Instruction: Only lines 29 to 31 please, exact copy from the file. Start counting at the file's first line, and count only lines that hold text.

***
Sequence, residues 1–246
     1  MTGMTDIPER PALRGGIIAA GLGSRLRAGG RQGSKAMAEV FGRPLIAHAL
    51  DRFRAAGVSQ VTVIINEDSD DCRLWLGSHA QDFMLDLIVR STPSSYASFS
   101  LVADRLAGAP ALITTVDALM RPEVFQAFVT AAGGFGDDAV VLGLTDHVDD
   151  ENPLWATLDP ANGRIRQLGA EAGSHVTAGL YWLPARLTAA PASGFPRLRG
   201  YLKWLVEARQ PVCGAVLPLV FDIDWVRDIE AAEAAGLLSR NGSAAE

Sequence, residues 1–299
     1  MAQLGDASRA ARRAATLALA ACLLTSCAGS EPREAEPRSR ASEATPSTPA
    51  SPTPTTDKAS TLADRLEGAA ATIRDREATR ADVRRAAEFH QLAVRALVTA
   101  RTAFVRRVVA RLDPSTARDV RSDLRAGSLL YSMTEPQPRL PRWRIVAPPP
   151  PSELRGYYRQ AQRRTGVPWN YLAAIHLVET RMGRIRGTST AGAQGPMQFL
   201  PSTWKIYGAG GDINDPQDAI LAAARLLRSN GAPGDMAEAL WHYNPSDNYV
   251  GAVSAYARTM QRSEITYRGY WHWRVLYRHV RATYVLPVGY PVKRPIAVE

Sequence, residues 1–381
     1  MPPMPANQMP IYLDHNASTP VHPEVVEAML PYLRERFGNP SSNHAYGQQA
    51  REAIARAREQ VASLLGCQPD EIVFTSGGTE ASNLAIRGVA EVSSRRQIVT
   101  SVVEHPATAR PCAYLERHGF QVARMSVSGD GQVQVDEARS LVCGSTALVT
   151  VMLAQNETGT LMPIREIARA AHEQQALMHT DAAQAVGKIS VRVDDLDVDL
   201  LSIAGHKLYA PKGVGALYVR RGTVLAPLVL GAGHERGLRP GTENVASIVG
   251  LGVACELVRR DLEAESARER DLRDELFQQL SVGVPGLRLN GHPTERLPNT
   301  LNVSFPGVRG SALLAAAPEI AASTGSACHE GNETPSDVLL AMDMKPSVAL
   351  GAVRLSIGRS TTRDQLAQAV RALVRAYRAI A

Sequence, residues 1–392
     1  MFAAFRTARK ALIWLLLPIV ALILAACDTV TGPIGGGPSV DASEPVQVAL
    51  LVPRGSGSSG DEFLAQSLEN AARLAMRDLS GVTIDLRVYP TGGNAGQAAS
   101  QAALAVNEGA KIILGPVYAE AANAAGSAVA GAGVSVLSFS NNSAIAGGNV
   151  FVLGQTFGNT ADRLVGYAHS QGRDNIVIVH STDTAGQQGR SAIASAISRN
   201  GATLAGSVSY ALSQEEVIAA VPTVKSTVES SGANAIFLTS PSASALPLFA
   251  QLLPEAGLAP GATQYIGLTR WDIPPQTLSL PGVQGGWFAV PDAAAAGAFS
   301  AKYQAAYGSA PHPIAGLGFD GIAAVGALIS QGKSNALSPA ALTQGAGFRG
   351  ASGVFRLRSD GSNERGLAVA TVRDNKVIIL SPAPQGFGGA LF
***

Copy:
   251  QLLPEAGLAP GATQYIGLTR WDIPPQTLSL PGVQGGWFAV PDAAAAGAFS
   301  AKYQAAYGSA PHPIAGLGFD GIAAVGALIS QGKSNALSPA ALTQGAGFRG
   351  ASGVFRLRSD GSNERGLAVA TVRDNKVIIL SPAPQGFGGA LF